수고하셨습니다. Thank you for your hard work. (formal)

수고 literally means “effort” or “hard work” but, it’s rarely used on its own, Instead, some expressions including the word 수고 are used very often in everyday conversations. 수고하세요 literally means “Please make an effort” or “Keep working hard.”, but it does not actually have this meaning in conversation. 

When showing appreciation or support for someone who is working hard or is putting in a lot of effort to accomplish something, you can say 수고하세요 to that person as you are leaving. It is almost like saying “goodbye” or “see you” and “keep up the good work” at the same time.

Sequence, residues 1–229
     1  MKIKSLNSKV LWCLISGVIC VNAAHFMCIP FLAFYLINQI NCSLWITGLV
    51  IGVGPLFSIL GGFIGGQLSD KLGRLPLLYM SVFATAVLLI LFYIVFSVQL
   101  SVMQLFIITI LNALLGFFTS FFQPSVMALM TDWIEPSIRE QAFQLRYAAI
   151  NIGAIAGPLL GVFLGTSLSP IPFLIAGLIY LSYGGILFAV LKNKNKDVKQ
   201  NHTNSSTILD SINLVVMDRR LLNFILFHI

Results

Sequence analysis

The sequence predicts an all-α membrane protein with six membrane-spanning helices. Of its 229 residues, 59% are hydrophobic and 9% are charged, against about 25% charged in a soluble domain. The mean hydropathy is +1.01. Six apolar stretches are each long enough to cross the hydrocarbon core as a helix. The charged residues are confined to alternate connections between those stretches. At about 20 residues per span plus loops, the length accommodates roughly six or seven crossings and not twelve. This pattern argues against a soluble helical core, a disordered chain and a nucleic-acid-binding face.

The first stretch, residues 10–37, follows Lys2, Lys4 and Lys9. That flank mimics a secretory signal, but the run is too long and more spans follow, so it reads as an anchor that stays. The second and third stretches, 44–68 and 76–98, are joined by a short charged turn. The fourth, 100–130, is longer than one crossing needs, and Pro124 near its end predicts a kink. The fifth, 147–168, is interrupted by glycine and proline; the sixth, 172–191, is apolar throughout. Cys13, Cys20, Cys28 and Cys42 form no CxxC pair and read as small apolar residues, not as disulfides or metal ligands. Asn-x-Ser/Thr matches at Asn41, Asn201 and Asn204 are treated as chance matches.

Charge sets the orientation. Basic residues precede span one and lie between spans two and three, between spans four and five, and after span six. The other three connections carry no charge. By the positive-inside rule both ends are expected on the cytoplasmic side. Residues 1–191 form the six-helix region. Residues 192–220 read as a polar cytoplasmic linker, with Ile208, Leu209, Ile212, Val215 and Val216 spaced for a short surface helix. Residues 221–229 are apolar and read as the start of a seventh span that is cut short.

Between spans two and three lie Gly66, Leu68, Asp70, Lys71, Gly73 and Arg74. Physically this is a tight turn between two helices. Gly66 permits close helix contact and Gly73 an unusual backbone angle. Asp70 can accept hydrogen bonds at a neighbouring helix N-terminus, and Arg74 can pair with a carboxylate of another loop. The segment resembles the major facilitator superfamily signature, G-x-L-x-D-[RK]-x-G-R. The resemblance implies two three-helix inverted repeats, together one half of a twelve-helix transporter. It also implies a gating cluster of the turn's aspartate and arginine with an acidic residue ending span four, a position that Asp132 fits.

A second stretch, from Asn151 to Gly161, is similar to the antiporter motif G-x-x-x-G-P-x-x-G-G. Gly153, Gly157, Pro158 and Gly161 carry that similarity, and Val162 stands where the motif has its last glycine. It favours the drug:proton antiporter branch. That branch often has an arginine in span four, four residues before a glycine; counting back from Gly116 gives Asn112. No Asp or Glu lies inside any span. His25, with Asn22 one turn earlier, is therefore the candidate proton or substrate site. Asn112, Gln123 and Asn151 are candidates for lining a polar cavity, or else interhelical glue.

You will easily see people saying this when they’re leaving a restaurant or a cafe to the staff there to mean just “Bye.” or when they’re about to leave and their coworker has to stay to work, they say 수고하세요 as they leave.

Sample Conversation

A: 감사합니다. 안녕히 가세요. = Thank you. Bye.
B: 수고하세요. = Bye. (Keep up the good work.)

수고하셨습니다 is in the past tense, so it’s often used when some work has been done. Usually, you can say this to your coworkers or business partners to mean “Thank you for your hard work.”, “Good job.”, or “Good work.” 

Sample Conversation

A: 수고하셨습니다. = Thank you for your hard work.
B: 수고하셨습니다. = Thank you for your hard work.


4. 뭐 해? What are you doing? (casual) 

뭐 means “what” and 하다 means “to do”. So, 뭐 해? Literally means “What do you do?” As you can see, there’s no “you” in the sentence. In most Korean sentences, subjects are often omitted. It can be you or any other person depending on the context. But, if someone says 뭐 해? to you without any context, it clearly shows that the person is asking you what you’re doing.